But tell me, what family is functional? People who laugh all the time and cut up are often viewed as in denial or hypocritical.
If you say you’ve had a happy childhood, you are less likely to be believed than if you say that you were traumatized or abused by cruel parents.
We no longer believe that there are well-adjusted people, but we can see those who are skilled at masking their pathologies. We now live in an upside-down model for mental health, where the sick is well and vice versa.
Yes, often we trust the miserable and questionable and we doubt those who are perky with certainty.
Today, popular psychology is on radio and TV talk shows, in women’s and men’s magazines, sports magazines, presidential and other political speeches.
Perception, thinking for change with momentum and commitment, are household words.
There is a cartoon I recently saw in a magazine, where a doorman for an apartment building says to a little girl, “Your mother must have a hidden agenda, the way she gave you those extra cookies.”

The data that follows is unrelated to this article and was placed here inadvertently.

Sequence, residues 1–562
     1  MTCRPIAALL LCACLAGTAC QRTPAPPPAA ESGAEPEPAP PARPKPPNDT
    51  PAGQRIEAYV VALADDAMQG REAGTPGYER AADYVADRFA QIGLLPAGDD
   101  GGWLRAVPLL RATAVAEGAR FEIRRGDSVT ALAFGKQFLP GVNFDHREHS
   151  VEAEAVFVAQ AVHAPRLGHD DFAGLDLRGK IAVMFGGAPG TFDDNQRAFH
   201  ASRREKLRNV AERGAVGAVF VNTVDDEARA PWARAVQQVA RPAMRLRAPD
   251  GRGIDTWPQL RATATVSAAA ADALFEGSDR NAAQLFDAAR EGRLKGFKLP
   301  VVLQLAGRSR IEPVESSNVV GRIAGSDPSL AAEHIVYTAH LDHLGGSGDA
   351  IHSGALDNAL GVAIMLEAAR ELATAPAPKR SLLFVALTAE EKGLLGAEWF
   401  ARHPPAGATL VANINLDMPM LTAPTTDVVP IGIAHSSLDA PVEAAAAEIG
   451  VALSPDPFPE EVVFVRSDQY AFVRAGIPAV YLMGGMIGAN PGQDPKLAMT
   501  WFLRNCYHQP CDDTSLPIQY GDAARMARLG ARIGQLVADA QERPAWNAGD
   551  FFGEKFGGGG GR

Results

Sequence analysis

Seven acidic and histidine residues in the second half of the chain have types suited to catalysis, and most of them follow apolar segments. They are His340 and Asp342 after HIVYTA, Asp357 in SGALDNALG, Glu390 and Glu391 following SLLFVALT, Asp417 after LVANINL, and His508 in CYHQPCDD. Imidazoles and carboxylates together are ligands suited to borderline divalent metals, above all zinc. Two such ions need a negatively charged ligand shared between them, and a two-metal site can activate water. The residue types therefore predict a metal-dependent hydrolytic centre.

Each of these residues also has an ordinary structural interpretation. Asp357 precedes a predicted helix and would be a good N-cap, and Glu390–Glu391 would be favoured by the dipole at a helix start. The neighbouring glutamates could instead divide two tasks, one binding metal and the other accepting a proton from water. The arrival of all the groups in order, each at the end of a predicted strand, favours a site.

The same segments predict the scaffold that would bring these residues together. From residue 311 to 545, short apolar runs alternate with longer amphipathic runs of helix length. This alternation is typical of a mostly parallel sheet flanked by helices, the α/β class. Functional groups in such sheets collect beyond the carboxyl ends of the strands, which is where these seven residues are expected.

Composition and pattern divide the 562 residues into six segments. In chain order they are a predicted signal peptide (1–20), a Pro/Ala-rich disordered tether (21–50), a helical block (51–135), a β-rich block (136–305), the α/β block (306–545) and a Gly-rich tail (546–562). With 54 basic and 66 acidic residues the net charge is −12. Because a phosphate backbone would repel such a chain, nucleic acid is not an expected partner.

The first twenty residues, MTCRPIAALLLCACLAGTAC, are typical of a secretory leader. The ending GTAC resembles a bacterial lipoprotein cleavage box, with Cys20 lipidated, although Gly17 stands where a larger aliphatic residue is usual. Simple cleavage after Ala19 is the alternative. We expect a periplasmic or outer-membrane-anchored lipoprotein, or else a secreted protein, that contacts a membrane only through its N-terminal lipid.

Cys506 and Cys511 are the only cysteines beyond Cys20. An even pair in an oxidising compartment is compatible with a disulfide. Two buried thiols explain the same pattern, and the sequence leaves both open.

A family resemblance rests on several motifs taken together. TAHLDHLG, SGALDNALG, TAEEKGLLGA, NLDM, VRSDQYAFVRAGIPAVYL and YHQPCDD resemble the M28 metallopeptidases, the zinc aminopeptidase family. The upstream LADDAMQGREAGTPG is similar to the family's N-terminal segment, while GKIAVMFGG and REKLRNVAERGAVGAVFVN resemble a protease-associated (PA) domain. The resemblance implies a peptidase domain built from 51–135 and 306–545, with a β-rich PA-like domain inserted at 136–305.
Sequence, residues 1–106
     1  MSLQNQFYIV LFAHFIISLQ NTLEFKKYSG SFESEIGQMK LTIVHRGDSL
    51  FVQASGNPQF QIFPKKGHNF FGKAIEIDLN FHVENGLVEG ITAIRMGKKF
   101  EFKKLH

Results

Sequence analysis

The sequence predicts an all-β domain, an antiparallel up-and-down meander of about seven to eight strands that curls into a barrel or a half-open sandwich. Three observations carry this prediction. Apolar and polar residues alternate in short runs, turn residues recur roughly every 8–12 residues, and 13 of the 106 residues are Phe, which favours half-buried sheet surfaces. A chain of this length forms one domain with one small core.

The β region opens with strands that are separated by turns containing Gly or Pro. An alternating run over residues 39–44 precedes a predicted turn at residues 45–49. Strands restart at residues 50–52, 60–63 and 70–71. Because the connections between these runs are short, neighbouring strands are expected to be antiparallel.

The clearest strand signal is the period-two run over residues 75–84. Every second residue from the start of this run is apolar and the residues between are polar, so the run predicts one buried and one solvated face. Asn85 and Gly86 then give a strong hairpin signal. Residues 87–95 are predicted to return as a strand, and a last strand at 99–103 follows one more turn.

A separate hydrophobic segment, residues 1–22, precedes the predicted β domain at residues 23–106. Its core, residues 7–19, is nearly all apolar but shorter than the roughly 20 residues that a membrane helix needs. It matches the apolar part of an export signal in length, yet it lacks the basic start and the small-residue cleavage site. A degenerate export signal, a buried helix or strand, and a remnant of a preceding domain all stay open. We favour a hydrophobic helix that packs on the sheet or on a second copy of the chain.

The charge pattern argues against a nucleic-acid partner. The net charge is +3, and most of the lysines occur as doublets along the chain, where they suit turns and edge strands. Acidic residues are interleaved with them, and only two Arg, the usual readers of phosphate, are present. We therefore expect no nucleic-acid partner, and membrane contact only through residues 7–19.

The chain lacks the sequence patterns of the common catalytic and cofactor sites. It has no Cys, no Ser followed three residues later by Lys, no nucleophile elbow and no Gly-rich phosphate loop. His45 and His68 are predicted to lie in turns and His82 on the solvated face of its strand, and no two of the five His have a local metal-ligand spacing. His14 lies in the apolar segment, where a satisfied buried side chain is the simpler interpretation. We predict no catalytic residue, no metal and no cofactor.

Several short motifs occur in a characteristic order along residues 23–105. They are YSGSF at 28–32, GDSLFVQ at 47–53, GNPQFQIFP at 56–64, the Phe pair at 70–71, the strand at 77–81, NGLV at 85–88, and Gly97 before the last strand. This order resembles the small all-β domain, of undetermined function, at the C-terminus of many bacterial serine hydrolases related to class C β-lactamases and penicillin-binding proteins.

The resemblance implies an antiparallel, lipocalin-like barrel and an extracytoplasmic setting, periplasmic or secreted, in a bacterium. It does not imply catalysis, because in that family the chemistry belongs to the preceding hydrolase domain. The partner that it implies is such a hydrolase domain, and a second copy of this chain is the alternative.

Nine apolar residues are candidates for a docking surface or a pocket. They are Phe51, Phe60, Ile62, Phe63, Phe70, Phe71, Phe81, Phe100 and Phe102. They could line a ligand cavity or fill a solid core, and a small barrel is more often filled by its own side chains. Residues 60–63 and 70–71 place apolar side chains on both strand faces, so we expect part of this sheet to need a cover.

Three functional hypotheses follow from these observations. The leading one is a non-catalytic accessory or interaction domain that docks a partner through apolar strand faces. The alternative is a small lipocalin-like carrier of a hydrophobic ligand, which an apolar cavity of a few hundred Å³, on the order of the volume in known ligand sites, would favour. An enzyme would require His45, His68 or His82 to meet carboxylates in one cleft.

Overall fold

My friend Mike Hofacker has said, “We golfing maniacs seem obsessed with taking our emotional temperature when we end a good or a bad round of golf.”
Hofy has often been known to pose as a clinical psychologist at the nineteenth hole if needing an ear to bend.
For many people today, therapy and action are in our blood and is the answer to everything. I think of modern-day author Harlan Coben, who said on a TV interview, “We keep thinking we’re still age seventeen, waiting for life to begin.”
I ask you to keep tuned in to my blog, books and more and relax as we explore how you can begin realizing that real life and real relationships are here with you, now.
As we finish for today be sure to check out another suggested article about: Let’s uncover true purpose of life by realizing the mind always extending for your benefit to find new passion daily in what you love instead of fearing it.
(Please note: The serious reader of my ever-developing book series will learn to heal and find freedom in light. See more at the About/Books page on this site.)